6. Develop with enhanced-chemiluminescence (ECL) reagents to acquire signals for imaging.
  7. Quantify signal intensity using standard image processing tools such as ImageJ.
    NOTE: Troubleshooting is detailed in Table 2.

5. Ribonuclease treatments to evaluate signal specificity

NOTE: RNase treatment should be performed on the nucleic acid samples to demonstrate the specificity of S9.6 binding. Treatment with RNase H, but not RNase T1 or RNase III should result in a reduction in S9.6 immunostaining.

  1. Digest the samples containing RNA-DNA hybrids by preparing them in four separate tubes. Treat each of the 4 samples with either 5 U RNase H, 1000 U RNase T1, 0.5 U RNase III, or mock. Incubate samples at 37 °C for 15 min in 20 µL volumes.
  2. Load 2 µL of each sample on a membrane as described in section 3.

6. Preparation of oligonucleotide controls to evaluate signal specificity

NOTE: Oligonucleotide controls can be used to demonstrate the specificity of S9.6 binding. S9.6 recognizes RNA-DNA hybrids, but not dsDNA or dsRNA controls, as has been previously reported34.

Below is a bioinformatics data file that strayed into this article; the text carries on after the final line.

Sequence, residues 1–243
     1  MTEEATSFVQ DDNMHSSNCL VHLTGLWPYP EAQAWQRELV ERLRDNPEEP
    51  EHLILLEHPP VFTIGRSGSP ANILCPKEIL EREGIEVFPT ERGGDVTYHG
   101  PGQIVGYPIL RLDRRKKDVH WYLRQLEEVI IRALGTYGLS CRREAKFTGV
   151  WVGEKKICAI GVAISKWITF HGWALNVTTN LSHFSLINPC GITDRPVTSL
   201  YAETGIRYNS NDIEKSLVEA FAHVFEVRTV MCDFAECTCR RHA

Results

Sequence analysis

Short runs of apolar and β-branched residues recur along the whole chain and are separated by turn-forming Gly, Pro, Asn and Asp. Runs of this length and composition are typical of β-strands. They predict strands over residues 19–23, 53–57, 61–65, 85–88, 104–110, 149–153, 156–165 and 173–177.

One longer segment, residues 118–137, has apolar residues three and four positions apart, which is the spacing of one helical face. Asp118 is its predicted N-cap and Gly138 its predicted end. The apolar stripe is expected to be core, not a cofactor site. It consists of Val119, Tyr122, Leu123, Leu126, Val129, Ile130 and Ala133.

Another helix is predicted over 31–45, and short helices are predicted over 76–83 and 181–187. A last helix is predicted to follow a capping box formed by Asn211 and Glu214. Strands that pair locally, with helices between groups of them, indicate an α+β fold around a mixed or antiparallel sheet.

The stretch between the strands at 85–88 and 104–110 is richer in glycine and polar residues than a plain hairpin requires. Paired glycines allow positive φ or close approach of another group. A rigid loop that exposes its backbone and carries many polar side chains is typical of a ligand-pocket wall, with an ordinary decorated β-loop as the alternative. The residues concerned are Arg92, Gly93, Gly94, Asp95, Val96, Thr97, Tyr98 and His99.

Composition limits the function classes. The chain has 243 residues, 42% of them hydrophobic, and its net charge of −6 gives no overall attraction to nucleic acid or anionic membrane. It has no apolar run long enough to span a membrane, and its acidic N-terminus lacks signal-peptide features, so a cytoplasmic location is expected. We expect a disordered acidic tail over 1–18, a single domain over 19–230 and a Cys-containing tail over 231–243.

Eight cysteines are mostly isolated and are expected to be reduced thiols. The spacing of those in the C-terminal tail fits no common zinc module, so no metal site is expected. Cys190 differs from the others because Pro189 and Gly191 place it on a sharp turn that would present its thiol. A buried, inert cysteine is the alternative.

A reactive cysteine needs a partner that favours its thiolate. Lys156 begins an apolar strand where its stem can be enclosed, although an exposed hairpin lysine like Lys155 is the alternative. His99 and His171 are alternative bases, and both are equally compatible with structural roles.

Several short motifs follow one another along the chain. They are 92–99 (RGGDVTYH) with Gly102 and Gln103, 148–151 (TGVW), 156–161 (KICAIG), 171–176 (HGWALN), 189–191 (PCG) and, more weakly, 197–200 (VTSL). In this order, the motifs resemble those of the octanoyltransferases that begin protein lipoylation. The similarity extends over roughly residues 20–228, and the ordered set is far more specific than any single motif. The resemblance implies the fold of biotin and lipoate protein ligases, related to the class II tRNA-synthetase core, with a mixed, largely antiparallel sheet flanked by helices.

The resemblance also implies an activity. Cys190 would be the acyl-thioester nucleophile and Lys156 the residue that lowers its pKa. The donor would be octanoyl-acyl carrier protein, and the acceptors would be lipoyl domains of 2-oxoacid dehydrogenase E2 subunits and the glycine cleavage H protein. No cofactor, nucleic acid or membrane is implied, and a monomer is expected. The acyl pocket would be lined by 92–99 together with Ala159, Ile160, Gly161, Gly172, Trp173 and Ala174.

1. Dissolve oligonucleotides (Table 3) in annealing buffer (10 mM Tris, pH 8.0; 50 mM NaCl, 1 mM EDTA) to 100 µM.
  2. Prepare 4 reaction tubes for
    1. RNA-DNA hybrid #1: Mix 10 µL of ssRNA top strand with 10 µL of ssDNA bottom strand and 80 µL of annealing buffer.
    2. RNA-DNA hybrid #2: Mix 10 µL of ssDNA top strand with 10 µL of ssRNA bottom strand and 80 µL of annealing buffer.
    3. dsRNA: Mix 10 µL of ssRNA top strand with 10 µL of ssRNA bottom strand and 80 µL of annealing buffer.
    4. dsDNA: Mix 10 µL of ssDNA top strand with 10 µL of ssDNA bottom strand and 80 µL of annealing buffer.
  3. Heat the 4 mixtures from step 6.2 at 95 °C for 10 min.
  4. Allow tubes to cool slowly to room temperature to allow reannealing of the strands. Annealed standards can be stored at -20 °C for later use.